It’s easy to be the purest person in the room—to righteously shout your worldview from the hilltops while refusing to acknowledge the life experiences that, for right or for wrong, have led other people to see their worlds differently.  But when it comes to changing minds, that shouting will get you nowhere.

Conversation is about cultivating a mutual understanding.  It is the attitude of “perhaps if I listen to them, then they will listen to me.”  It’s an approach that gets people to uncross their arms and open their minds, in hopes that once the mind is open, it will be susceptible to change.  I get the sense that a lot of arms have come uncrossed since Charlottesville.  I just hope that our moral outrage doesn’t disable us from taking advantage of that opportunity.

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Minnesota, Race, USA

The killing of Philando Castile and the acquittal of Jeronimo Yanez

Jeronimo Yanez and I attended the same university at the same time.  I don’t recall ever meeting him, but we ran with a similar group of friends.  They tell me that Yanez was a good guy—nice, friendly, hardly the monster that many have made him out to be following his deadly encounter with Philando Castile last July.

Nothing I’ve seen over the past year has done anything to make me think otherwise.  Even after watching that horrifying dashcam video in which Yanez pumps seven fatal rounds into the front seat of Castile’s car, I still find him to be a sympathetic figure.  The video hardly portrays a vicious executioner.  The guy’s nervous, he panics, and in the process, he makes the gravest mistake of his life.  It’s obvious that he feels terrible, both then and now, and I feel sorry for him.  But that sympathy isn’t enough to prevent me from adding my voice to the overwhelming chorus who feel that, in the case of State of Minnesota v. Jeronimo Yanez, justice was not served.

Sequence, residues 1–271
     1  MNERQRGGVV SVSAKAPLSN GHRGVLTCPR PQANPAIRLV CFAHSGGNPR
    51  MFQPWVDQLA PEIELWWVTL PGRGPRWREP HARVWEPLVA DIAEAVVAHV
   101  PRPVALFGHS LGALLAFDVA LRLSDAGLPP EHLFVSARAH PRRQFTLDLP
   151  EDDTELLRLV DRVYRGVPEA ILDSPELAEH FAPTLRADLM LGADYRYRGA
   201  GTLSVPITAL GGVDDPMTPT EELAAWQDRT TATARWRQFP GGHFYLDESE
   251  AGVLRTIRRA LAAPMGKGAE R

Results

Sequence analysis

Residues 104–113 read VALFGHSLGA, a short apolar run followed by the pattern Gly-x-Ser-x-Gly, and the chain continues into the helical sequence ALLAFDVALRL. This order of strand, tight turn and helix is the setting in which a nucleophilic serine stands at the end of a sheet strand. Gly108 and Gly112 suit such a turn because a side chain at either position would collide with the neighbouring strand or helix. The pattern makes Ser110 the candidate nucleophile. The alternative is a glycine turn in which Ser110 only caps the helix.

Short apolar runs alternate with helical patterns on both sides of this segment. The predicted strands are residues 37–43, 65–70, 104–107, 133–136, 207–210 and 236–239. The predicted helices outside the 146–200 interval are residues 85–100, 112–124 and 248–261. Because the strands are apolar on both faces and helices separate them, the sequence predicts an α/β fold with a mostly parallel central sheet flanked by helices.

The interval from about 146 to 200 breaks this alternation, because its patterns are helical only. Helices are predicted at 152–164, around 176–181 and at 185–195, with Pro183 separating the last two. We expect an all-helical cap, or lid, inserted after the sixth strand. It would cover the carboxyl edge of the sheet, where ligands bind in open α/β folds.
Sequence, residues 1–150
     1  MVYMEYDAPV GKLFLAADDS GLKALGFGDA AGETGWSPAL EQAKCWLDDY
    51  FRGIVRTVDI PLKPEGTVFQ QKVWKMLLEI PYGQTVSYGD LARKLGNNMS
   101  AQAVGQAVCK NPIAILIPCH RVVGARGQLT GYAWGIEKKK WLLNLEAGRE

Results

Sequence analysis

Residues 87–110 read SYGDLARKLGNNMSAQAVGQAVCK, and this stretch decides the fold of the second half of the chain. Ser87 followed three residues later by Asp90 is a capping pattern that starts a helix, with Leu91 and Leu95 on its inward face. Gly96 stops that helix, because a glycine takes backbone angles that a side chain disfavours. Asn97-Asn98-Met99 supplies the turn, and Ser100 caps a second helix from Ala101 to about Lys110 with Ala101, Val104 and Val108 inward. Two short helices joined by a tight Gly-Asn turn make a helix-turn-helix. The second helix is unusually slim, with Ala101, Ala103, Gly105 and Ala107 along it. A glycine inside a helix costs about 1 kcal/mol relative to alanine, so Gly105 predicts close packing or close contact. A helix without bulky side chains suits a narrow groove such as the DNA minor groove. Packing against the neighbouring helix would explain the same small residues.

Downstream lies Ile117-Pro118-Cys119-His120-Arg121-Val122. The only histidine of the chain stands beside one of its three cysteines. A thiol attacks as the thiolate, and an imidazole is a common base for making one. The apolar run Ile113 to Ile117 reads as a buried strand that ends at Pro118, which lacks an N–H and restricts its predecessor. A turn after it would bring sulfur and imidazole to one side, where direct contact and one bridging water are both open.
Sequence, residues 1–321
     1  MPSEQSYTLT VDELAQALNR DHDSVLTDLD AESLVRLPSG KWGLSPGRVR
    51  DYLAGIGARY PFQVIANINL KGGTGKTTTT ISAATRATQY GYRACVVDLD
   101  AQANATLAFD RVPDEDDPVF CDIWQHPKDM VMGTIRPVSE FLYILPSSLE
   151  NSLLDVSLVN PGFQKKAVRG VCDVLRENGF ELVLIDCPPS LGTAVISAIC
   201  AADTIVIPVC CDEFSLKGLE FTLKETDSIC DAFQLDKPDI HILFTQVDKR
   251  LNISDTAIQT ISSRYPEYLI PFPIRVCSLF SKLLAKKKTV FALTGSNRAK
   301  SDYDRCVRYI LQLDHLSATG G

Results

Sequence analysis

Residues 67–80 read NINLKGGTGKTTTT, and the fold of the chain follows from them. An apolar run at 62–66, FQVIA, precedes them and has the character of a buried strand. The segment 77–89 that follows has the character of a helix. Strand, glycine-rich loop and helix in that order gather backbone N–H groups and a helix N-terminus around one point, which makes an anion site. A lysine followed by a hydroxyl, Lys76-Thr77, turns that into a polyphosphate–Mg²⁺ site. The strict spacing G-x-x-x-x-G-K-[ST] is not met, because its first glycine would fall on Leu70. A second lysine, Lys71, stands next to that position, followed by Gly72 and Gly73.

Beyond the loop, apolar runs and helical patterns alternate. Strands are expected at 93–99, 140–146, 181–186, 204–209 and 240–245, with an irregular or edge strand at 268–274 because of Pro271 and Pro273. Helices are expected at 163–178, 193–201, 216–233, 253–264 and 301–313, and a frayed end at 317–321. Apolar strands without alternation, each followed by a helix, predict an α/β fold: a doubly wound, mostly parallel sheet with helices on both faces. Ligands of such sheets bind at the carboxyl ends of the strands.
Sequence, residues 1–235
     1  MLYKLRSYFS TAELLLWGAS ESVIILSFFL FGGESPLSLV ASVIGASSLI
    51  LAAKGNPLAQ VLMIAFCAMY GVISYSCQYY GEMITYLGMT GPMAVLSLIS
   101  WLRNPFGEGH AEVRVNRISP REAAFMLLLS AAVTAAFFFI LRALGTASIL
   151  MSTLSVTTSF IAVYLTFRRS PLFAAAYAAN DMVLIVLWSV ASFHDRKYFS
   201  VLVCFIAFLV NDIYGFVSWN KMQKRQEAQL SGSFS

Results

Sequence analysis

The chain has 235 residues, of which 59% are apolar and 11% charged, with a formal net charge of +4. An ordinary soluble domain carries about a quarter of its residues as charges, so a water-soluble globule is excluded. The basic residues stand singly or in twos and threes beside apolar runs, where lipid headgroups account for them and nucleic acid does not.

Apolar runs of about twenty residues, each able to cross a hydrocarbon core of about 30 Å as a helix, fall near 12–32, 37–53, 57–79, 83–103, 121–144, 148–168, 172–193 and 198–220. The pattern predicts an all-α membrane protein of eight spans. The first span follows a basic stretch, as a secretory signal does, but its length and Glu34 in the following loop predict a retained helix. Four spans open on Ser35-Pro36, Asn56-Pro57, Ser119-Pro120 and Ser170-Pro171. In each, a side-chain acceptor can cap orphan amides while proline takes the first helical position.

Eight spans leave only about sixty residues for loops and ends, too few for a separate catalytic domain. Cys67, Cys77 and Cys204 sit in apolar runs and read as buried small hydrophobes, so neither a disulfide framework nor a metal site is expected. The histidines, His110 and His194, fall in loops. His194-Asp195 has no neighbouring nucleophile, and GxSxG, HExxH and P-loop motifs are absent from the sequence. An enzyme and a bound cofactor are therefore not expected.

I think it’s worth highlighting that Yanez was not being charged with murder.  He was being charged with manslaughter—second degree manslaughter to be exact.  This reflects the notion that we as a society lend police officers a certain amount of leeway not provided to ordinary citizens when it comes to the use of lethal force.  We recognize that police officers perform a difficult and dangerous job in which snap decisions are often necessary, and can make the difference between whether or not an officer lives or dies.

However, when I watch that dashcam video, the definition of second degree manslaughter is exactly what I see. Words like “negligence,” “unreasonable,” and “endangerment,” seem to perfectly describe Yanez’s actions.  He may not have murdered Castile in cold blood, but based on what I’m reading, he still appears criminally culpable for Castile’s death.